So, that's Hat Trick 2012 all wrapped up. You've seen mine, now show me yours: tell me three games from any year that put a major mark on your library, and if you don't have enough space to do it in a comment box, write up a blog with Hat Trick in the title and link it in the comment section.
Do you... see what I did there?
That was terrible and I should apologize. I won't, but I should.
So, hello again Destructoid. It's been a long time. Like, 3 years long. An amazing amount of shit can happen in three years. I'll hit the high points:
I lost my computer. I lost my grandfather. My girlfriend and I started living together. I went from being an unemployed college student to working out of the food and beverage department at a major resort. We got two cats. I got a driver's license. I got a truck. I joined the next gen. I started what I hope will be a magnificently expensive (and extensive) firearm collection. I discovered a love (nay, obsession) for a wonderful concoction called "bourbon", though I admit I liked it before, I just got enough money to really try some good stuff. I went from food and beverage to security at the same resort, which is now what I do for a living (a wonderfully colorful job which has some... interesting stories). The girlfriend is now my wife. Our wedding colors were Renegade/Paragon and everybody who was in on the selection had to wear their Shepard's respective color (I was the only Renegade. Someday I will convince one of them to convert). Somewhere in all of that I found little snippets of time to play videogames.
So that's my last three years in a horribly insignificant sounding little paragraph which does not even remotely describe the actual impact of any of those things. (Also, I like parenthesis!)
Now we come to why I'm back despite having less time than ever to indulge in videogames, which have been a vital part of me for about as long as I'd care to remember.
Like the last three years, there's a lot behind these words, but here's the simple version:
I missed it. I missed Destructoid, I missed games, I missed community, and maybe more than anything else I think I missed writing on a regular basis. So I suppose I'm back for selfish reasons and I'm hoping that wherever Destructoid has gone in the last three years, and whomever makes up the rank and file these days, will enjoy my rambling, babbling, two parts esoteric vocabulary one part obnoxious videogame snob three parts wikipedia blogging style. I'm also hoping to see some old faces, I'm sure there's some still around writing up a storm. No doubt I've got a lot of catching up to do, which brings me to my next paragraph.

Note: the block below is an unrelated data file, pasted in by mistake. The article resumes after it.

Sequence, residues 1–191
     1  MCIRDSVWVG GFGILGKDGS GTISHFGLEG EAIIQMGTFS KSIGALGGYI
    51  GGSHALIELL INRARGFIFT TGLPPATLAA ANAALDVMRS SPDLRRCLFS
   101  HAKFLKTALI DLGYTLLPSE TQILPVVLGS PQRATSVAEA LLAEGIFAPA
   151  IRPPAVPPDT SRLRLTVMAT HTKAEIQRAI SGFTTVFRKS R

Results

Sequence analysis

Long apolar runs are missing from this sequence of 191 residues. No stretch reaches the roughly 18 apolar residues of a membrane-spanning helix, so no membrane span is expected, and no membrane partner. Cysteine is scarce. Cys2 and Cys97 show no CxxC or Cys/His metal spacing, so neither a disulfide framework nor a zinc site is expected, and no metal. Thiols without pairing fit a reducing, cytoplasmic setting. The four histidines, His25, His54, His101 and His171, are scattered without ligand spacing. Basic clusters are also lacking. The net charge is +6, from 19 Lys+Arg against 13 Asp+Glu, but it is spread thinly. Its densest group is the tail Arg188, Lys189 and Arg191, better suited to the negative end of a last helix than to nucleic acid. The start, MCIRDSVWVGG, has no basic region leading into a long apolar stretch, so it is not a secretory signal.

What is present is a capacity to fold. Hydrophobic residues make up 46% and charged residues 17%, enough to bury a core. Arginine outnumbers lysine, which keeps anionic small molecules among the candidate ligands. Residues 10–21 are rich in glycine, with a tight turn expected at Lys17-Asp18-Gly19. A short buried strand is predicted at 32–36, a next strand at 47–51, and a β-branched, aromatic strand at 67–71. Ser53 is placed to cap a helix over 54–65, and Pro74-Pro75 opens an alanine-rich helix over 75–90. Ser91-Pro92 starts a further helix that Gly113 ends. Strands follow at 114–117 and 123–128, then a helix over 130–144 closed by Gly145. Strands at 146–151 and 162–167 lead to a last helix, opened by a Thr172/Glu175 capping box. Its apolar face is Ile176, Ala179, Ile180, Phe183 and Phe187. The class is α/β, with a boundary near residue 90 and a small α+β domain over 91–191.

I've got a New Years' Resolution and it runs a little bit counter-intuitive, but hear me out. I want to play less games next year. Now, don't get me wrong, I played some really amazing games this past year, and I wouldn't trade a moment of those experiences for all the gold in Fort Knox, but I also wasted an abysmal amount of money on games I frankly knew I wasn't going to play, knew I wasn't going to like, but I picked them up because, hey, I wanted to try to keep up with the industry and what was goin' on that week. Then, as my collection grew, I started to find myself wondering what the point was. Why did I buy so many games that I didn't even have the time or the interest in? I didn't have an answer. I still don't, but what I did discover is, I want more out of my games than I got this past year.
So the goal of this blog of mine, for the great year of two thousand and fifteen, is to buy fewer games, and take a lot harder look at what I enjoy, and what I want out of a game. And while I could definitely make that journey of self-discovery entirely on my own, I think I'd like to share it with an audience. You know, for fun and also possibly to have a teeming mass of unforgiving people who don't know me well enough to feel bad when they smack me back into line should I start dropping into bad old habits. While I'm at it, I also want to showcase some of the other things I intend to do with that surplus of money I won't be spending, though I'm going to do my best to link those things and experiences to videogames in some meaningful way.
That's pretty much it. Uh... anybody want to bring me up to speed on the last three years for Destructoid?